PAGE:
57. This video got me harder than Trumpo win

  58. Man, I hate those short titles that are almost misleading.
    If you had excess water at mixing concrete then it will come out and then the concrete will actually "dry out".

  59. love your narration mr henry

  60. hey! first time I've seen the narrator. you don't look like I imagined hearing your voice. completely irrelevant just saying

  61. pasta should not dry out. at least from what Alton brown says. the water should be trapped inside. a microwave should prove my theory. same with hard cookies.

  62. I keep reading about concrete and I have discovered something a little bit disturbing. Apparently it keeps absorbing CO2 from the air and this changes the acidity of it. If the concrete is not reinforced this is not a problem but if it is reinforced it means the concrete will eat away at the reinforcement metal bars. This happens in about 100 years. So here's my question: does this mean that all the reinforced concrete structures we've built in the 20th century are doomed? Will they all start failing towards the end of the 21st century? None of the materials that talk about the carbonification of concrete dare to approach this issue. What do you think?

  63. Minute chemistry?

  64. Fun fact: they have found wet concrete in castle ruins from the middle ages

  65. Concrete will set under water.

  66. That why it give off heat as it sets.

  67. people are saying you cant do chemistry, do they not get physics is literally everything.

  68. The pantheon blew my mind. Incredible!

  69. Quite true, of course. But not entirely. Only 30-40% of the water mixed into concrete actually gets used in forming the crystals. The rest evaporates slowly.

  70. 30% of this video is an ad. Fuck you.

  71. lol minecraft 1.12 doesnt dry out. it came out

  72. Actually, pasta also reacts with water. It's just a bidirectional chemical reaction.

  73. Does it mean that pouring concrete on a very hot and dry day is not optimum?

  74. wow so concrete is stronger over time I had no idea

  75. lol the things on the bridge are sogging too!

  76. ok, i understand the univers now but about that book at the end…
    TELL PATRIC ROSSFISS TO WRITE THE NEXT FREAKING BOOK!

  77. Good to know.
    However, if concrete is so damn strong how come concrete streets break up on a few years after they were poured?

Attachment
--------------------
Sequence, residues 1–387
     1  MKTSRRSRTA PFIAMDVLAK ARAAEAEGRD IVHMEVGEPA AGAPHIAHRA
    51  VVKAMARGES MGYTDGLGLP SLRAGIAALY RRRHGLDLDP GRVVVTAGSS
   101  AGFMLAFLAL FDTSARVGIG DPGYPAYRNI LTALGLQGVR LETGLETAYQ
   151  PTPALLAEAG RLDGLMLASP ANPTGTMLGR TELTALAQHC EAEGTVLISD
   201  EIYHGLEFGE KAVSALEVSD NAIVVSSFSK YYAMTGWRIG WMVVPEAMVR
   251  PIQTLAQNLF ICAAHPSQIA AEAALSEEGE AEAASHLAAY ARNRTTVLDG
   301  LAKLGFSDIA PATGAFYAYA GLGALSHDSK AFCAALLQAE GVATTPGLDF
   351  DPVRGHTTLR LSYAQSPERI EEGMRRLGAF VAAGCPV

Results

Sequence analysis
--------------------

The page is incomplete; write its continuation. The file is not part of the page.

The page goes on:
78. I cant believe it has taken me this long to learn this!

    Ive always wondered where the water goes. And why thick concrete doesnt stay soggy in the middle. Its so simple; the water never leaves!

  79. Hmmmmm mmmmmoooiiiiiiisssssssssssssttttttttttttt

  80. Somebody toucha my concrete!

  81. That is not completely true. Concrete actually does dry out. The shrinkage of concrete is mainly because water evaporates.There are two types of shrinkage: the drying shrinkage, which is because water evaporates and the autogenous shrinkage, which is due to hydration of the cement. The drying shrinkage is approximately 3-4 times larger than the autogenous shrinkage. Therefore, concrete dries out more than it sets.

  82. Concrete can dry out if not cured properly and protected from excessive heat/wind. The water within a fresh mix causes the hardening of concrete through a process called hydration. If the freshly placed concrete is not properly protected, the water within the concrete could escape and potentially lead to shrinkage cracking due to change in volume and overall weakness.

  83. Love how this MinutePhysics video is 2 minutes long and about chemistry😂

  84. chemistry is just physics in fancy dress

  85. concrete can dry out, put a concrete brick on a kiln and itll turn into dust , it just holds on to those water molecules a lot stronger, but this is also true for rocks, which will also turn into dust if left in a high temperature environment. It also does dissolve in water, but itll take extremely long for that to happen (also depending on the quality of the concrete)

  86. This makes so much sense to me I don't know why lol

  87. Having been told for decades that the Hoover Dam is "still drying" has always confused me because obviously the water vapor isn't getting out if the water behind the dam isn't getting in. Glad to finally have that cleared up.

  88. just a civil engenner passing by…